Whether you call it effervescent, fizzy, or sparkling, carbonated water is making a comeback as a beverage. Aside from quenching thirst, researchers at the University of Illinois at Urbana-Champaign have discovered a new use for these "bubbly" concoctions that will have major impact on the manufacturer of the world's thinnest, flattest, and one most useful materials -- graphene.

As graphene's popularity grows as an advanced "wonder" material, the speed and quality at which it can be manufactured will be paramount. With that in mind,...

Im Focus: Exotic quantum states made from light: Physicists create optical “wells” for a super-photon

Physicists at the University of Bonn have managed to create optical hollows and more complex patterns into which the light of a Bose-Einstein condensate flows. The creation of such highly low-loss structures for light is a prerequisite for complex light circuits, such as for quantum information processing for a new generation of computers. The researchers are now presenting their results in the journal Nature Photonics.

Light particles (photons) occur as tiny, indivisible portions. Many thousands of these light portions can be merged to form a single super-photon if they are...

Im Focus: Circular RNA linked to brain function

For the first time, scientists have shown that circular RNA is linked to brain function. When a RNA molecule called Cdr1as was deleted from the genome of mice, the animals had problems filtering out unnecessary information – like patients suffering from neuropsychiatric disorders.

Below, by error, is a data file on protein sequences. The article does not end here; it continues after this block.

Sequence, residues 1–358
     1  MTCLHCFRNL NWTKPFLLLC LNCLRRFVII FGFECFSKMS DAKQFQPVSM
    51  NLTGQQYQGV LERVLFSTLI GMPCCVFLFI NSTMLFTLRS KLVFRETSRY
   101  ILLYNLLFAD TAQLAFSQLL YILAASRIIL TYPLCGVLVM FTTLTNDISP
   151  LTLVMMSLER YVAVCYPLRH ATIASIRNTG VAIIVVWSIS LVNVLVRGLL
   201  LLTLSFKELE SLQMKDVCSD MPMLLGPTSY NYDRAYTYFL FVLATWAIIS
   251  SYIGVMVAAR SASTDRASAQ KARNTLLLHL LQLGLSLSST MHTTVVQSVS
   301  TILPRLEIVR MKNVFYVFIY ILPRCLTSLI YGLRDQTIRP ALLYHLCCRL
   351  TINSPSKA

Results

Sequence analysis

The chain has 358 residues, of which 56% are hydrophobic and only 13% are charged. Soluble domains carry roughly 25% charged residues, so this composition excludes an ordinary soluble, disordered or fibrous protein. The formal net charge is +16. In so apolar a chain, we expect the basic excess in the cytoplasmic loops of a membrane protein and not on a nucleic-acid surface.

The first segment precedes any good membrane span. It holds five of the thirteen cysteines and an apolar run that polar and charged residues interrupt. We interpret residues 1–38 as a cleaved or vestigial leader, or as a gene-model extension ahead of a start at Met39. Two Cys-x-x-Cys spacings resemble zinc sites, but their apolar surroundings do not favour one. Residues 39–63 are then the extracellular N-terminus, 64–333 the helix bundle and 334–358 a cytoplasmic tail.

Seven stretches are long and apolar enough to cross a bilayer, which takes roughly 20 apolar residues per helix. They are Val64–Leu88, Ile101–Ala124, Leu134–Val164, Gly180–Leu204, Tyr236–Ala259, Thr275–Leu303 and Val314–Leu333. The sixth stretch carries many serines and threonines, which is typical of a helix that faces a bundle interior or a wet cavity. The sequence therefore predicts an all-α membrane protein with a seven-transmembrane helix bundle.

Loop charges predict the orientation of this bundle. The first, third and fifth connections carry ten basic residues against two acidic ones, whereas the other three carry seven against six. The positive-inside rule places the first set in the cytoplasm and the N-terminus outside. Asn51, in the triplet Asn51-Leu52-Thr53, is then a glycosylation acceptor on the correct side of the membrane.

While hundreds of circular RNAs (circRNAs) are abundant in mammalian brains, one big question has remained unanswered: What are they actually good for? In the...

Im Focus: RAVAN CubeSat measures Earth's outgoing energy

An experimental small satellite has successfully collected and delivered data on a key measurement for predicting changes in Earth's climate.

The Radiometer Assessment using Vertically Aligned Nanotubes (RAVAN) CubeSat was launched into low-Earth orbit on Nov. 11, 2016, in order to test new...

Im Focus: Scientists shine new light on the “other high temperature superconductor”

A study led by scientists of the Max Planck Institute for the Structure and Dynamics of Matter (MPSD) at the Center for Free-Electron Laser Science in Hamburg presents evidence of the coexistence of superconductivity and “charge-density-waves” in compounds of the poorly-studied family of bismuthates. This observation opens up new perspectives for a deeper understanding of the phenomenon of high-temperature superconductivity, a topic which is at the core of condensed matter research since more than 30 years. The paper by Nicoletti et al has been published in the PNAS.

Since the beginning of the 20th century, superconductivity had been observed in some metals at temperatures only a few degrees above the absolute zero (minus...

All Focus news of the innovation-report >>>

Anzeige

Anzeige

Event News

Call for Papers – ICNFT 2018, 5th International Conference on New Forming Technology

16.08.2017 | Event News

Sustainability is the business model of tomorrow

04.08.2017 | Event News

Clash of Realities 2017: Registration now open. International Conference at TH Köln

26.07.2017 | Event News

 
Latest News

A Map of the Cell’s Power Station

18.08.2017 | Life Sciences

Engineering team images tiny quasicrystals as they form

18.08.2017 | Physics and Astronomy

Researchers printed graphene-like materials with inkjet

18.08.2017 | Materials Sciences

VideoLinks
B2B-VideoLinks
More VideoLinks >>>